Monday, January 24, 2011

Did you ever wonderd why Dogs have Dew-Claws?

Dew claws are the remains of the first tå of the ancestors for the dogs. When members of the family dog began to specialize as runners during the evolution, their legs were longer and their feet fell from five to four toes. The first toes disappeared completely from hind legs of wild dogs, but the forelegs survived as remnants that are no longer touched the ground.
This design gives the Wolves an impressive turn of speed, 35 to 40 mph were recorded on several occasions over distances up to a quarter mile. Some limits of sixteen meters measured. Endurance over long distances is also remarkable. Huskies, the breed closest to the wolf ancestor, is known for a sledge over 500 miles to pull in a total time of only 80 hours. More specialized in running meant sacrifices in other directions.
The ability of dogs to climb and jump deteriorated as their continuous improvement. But their higher speed and greater endurance on the hunt was very effective and successful enough to the wild dogs to global survival, the warm tropics to the frozen wastelands.
So Dew-claws have to be on the way out, a casualty of the coming-of-age canines as athletes. But if so, then it seems strange to many breeds of dogs seem to be reversing. You would think that modern dogs, even farther away from the old dogs older than his wolves or dingoes would have lost all their dew claws, the 'thumbs' of the front foot in response to the big toe "of the hind legs oblivion.
Instead the opposite is true. Many modern breeds of dogs have dew claws all four present. The hind legs are never as solid or well fastened in front, usually consisting of no more than a free leg and a jaw loosely connected to the base with a small flap of skin, but they represent a small change in the dog's evolution. Breeds with dew claws back foot, however rudimentary, are closer in this respect than old dogs older than either the wolf or Dingo. Why this return to a primordial place?
The answer lies in what is called neoteny - persistently infantile characteristics in adult animals. This is what happened with the dogs during their 10,000 years of controlled breeding of humans. They really young wolves. They can breed, but they retain much of their early behaviors such as play and obedience to a pseudo-parent - the human owner. They also have a number of young anatomical features, such as floppy ears is seen in as many races today.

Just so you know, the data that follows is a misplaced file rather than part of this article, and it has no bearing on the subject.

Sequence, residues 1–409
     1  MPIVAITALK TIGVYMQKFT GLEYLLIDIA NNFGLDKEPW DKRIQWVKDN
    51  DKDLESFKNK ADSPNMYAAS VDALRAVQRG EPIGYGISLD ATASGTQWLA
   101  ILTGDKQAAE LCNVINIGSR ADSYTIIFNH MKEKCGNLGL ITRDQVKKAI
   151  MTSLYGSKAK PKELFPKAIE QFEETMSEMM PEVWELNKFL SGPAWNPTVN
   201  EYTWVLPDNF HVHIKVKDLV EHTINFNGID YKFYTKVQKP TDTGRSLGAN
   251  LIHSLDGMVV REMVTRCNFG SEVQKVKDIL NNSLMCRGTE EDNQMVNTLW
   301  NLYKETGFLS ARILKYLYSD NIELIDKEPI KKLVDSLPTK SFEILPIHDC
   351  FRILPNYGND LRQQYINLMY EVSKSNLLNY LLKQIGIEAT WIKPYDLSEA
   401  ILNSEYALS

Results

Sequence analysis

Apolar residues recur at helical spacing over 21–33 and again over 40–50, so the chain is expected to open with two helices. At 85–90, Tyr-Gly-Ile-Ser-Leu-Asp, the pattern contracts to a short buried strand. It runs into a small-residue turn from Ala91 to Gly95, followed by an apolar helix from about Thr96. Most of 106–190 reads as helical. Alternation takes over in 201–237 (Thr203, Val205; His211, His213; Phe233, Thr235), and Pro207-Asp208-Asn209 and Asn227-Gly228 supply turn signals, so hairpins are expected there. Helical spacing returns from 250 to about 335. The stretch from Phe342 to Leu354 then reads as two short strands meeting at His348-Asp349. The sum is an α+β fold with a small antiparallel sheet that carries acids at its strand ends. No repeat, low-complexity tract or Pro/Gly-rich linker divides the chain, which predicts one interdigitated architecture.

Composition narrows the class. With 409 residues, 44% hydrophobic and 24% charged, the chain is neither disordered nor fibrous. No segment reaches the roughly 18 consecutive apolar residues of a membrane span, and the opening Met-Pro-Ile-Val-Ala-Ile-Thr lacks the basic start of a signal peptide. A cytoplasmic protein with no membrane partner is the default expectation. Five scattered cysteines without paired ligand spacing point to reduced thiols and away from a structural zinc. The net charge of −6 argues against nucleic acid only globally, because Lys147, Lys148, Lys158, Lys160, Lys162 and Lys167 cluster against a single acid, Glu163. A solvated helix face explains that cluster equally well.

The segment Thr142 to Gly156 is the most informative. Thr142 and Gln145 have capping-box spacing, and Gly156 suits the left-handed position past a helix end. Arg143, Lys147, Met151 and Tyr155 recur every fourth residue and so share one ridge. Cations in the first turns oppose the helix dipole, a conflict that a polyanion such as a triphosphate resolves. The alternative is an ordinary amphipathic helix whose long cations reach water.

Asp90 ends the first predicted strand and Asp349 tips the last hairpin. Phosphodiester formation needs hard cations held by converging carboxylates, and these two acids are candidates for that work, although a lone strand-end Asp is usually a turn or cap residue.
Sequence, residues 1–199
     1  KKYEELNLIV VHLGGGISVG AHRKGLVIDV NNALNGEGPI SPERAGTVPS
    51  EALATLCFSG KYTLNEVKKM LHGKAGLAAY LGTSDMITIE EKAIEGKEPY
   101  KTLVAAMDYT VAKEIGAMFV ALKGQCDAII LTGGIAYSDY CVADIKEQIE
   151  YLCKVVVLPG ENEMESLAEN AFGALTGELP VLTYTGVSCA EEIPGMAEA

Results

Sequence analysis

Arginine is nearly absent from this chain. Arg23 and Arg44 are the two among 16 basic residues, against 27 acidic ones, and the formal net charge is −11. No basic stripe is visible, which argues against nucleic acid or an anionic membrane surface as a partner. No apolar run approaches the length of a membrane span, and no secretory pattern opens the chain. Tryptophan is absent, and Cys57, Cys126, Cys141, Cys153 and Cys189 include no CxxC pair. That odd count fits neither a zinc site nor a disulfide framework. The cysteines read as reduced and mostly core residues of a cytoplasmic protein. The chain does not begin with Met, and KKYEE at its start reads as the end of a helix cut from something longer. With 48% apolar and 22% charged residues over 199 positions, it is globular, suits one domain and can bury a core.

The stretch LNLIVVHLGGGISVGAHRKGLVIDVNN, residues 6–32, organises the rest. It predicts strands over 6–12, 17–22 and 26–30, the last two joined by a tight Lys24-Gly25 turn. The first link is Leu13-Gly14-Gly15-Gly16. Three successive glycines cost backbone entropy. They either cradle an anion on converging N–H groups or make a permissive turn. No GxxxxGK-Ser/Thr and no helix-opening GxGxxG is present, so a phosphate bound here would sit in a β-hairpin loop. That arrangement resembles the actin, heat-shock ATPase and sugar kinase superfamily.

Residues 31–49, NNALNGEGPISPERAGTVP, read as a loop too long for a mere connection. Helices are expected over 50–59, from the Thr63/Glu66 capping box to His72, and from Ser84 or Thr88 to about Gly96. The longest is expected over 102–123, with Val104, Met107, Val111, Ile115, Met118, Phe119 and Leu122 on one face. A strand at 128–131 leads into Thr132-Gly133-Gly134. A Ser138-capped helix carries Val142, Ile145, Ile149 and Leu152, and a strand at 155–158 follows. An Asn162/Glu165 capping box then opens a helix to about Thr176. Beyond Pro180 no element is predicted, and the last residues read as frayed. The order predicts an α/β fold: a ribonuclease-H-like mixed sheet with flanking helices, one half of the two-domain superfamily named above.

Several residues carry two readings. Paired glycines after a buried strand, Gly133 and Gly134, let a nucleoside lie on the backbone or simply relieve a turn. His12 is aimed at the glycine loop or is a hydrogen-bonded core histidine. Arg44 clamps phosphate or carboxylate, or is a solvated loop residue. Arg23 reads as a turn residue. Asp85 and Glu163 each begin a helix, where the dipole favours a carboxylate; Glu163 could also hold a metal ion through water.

Conservation of extra dew claws are a part of this process. We have bred a series of increasingly extreme positions in the various modern breeds, but in other respects more primitive than the highly specialized wolf from which they were all distracted. In other words, when we do speak the wolf into the dog, we turned the clock back and forth.
It is interesting that growers feel intuitively that something is wrong with dew-claws and recommends that they be removed when the pups are 3-6 days old. They recognize it as a "trend unspecializing 'and correct. The stated excuse is that if they can remain rudimentary claws, they are entangled in bushes and torn. Given that the inside of their legs and above ground, this a rather improbable accident and a trivial excuse, but the unconscious urge to "refine" the dog's legs are strong enough to overlook it. (Except in some specific breeds, such as the Briard and the Pyrenees, where the hind dew claws must be kept to meet breed standards .)

1 comment:

  1. Although I am against docking of tails, ears etc. my dog did in fact rip out a dew claw climbing logs at the beach. He also just had an impacted dew claw cut at the vet. I wish I could have them removed but I believe its unethical to maim dogs for owners convenience. We need to get better at nail trims.